After you tie the knot, one of the first orders of business involves choosing a budget plan for your new household. Though it may not be the ideal plan for every couple, the 10-10-80 budget is a common choice among couples who want to start saving for the future right off the bat.
The 10-10-80 budget is built on the premise that a household requires no more than 80 percent of its earnings to live comfortably. Couples who subscribe to this budgeting plan set aside 80 percent of their combined paychecks for food, utilities, rent, clothing and other necessities. The couple gives 10 of the remaining 20 percent to charity, and the rest goes into a savings or investment account for the future.
If you and your spouse earn a combined income of $5,000 per month after taxes, your 10-10-80 budget would be as follows: $4,000 allotted for living expenses. $500 allotted for savings accounts or investments. $500 allotted to give to nonprofit organizations, such as churches or charities.
Within the living expenses portion of your budget, you may create additional divisions for rent, utilities, food, transportation, entertainment and any other regular expenses you incur each month. For example, you may allot $2,000 for rent and utilities, $700 for food, $400 for transportation, $200 for entertainment, $100 for medical expenses and the remaining $600 for miscellaneous expenses.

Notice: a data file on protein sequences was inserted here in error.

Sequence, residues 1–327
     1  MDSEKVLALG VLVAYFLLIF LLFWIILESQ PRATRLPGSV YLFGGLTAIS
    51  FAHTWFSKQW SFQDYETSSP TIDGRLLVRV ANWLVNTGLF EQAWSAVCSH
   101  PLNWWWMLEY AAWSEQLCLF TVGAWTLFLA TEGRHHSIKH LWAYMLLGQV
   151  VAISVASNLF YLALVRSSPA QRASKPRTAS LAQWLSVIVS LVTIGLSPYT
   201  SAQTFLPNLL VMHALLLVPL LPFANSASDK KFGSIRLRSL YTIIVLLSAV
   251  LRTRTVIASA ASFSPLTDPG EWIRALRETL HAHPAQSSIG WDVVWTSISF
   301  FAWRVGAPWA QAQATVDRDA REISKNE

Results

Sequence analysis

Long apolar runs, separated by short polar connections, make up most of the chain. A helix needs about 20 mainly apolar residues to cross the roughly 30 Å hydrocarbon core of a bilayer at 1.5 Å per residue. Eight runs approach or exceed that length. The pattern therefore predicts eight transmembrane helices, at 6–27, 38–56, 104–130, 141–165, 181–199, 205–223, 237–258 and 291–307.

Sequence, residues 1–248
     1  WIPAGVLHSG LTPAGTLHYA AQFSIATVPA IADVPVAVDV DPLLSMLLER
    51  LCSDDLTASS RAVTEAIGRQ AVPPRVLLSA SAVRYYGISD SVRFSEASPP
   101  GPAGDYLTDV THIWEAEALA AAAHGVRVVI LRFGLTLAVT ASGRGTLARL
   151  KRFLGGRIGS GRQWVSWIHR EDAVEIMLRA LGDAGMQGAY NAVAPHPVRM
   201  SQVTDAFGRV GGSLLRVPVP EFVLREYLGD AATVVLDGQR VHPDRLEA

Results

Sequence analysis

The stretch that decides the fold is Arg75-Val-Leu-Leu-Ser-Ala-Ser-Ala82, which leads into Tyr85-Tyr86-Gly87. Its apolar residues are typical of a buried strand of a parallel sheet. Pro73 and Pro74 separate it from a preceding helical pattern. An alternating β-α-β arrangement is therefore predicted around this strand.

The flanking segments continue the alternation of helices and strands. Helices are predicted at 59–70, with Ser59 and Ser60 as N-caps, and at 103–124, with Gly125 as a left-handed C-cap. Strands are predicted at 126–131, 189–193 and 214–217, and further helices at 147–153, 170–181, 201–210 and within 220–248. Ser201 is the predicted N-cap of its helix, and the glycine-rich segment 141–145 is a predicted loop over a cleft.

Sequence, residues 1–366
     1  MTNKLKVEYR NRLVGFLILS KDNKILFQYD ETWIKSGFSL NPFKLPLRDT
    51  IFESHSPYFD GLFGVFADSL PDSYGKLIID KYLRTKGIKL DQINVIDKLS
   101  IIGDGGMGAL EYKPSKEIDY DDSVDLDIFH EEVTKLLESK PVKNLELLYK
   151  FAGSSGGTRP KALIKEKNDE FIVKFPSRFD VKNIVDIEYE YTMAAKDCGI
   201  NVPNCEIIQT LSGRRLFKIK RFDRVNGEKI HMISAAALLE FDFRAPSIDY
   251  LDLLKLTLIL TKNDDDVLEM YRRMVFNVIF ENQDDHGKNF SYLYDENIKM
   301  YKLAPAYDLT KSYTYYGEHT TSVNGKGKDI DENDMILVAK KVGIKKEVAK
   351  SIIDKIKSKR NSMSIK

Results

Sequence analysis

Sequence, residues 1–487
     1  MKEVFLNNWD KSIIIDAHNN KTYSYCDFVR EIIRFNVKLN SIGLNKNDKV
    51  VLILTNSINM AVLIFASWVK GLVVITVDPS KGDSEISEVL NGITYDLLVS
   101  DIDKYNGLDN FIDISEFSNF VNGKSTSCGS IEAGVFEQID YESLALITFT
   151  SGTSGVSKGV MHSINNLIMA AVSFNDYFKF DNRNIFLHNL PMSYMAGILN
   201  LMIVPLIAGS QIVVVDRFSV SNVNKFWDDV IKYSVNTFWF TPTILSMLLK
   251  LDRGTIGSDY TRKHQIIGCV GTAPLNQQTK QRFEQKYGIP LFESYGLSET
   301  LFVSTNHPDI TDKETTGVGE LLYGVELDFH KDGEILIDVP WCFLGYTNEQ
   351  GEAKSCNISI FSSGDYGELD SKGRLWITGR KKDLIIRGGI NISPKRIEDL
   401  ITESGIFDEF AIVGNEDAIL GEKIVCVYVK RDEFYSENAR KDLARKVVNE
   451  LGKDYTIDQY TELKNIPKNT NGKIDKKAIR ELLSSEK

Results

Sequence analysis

If you have debt, some financial planners recommend paying 10 percent of your monthly income toward your outstanding debts instead of toward investments or savings. Some people also vary the plan's percentages. For example, you may decide to cut down on expenses and live off 70 percent of your monthly income instead of 80. In this case, you could split the remaining 30 percent between charity and savings, thus creating a larger nest egg for your future.
Depending on the type of investments you choose, the Internal Revenue Service may require you to pay tax on any investment income you earn. If you contribute a portion of your earnings to nonprofit organizations and you itemize your deductions on your federal tax return, you may qualify to claim a deduction for your donations.
Amanda McMullen is a freelancer who has been writing professionally since 2010. She holds a bachelor's degree in mathematics and statistics and a second bachelor's degree in integrated mathematics education.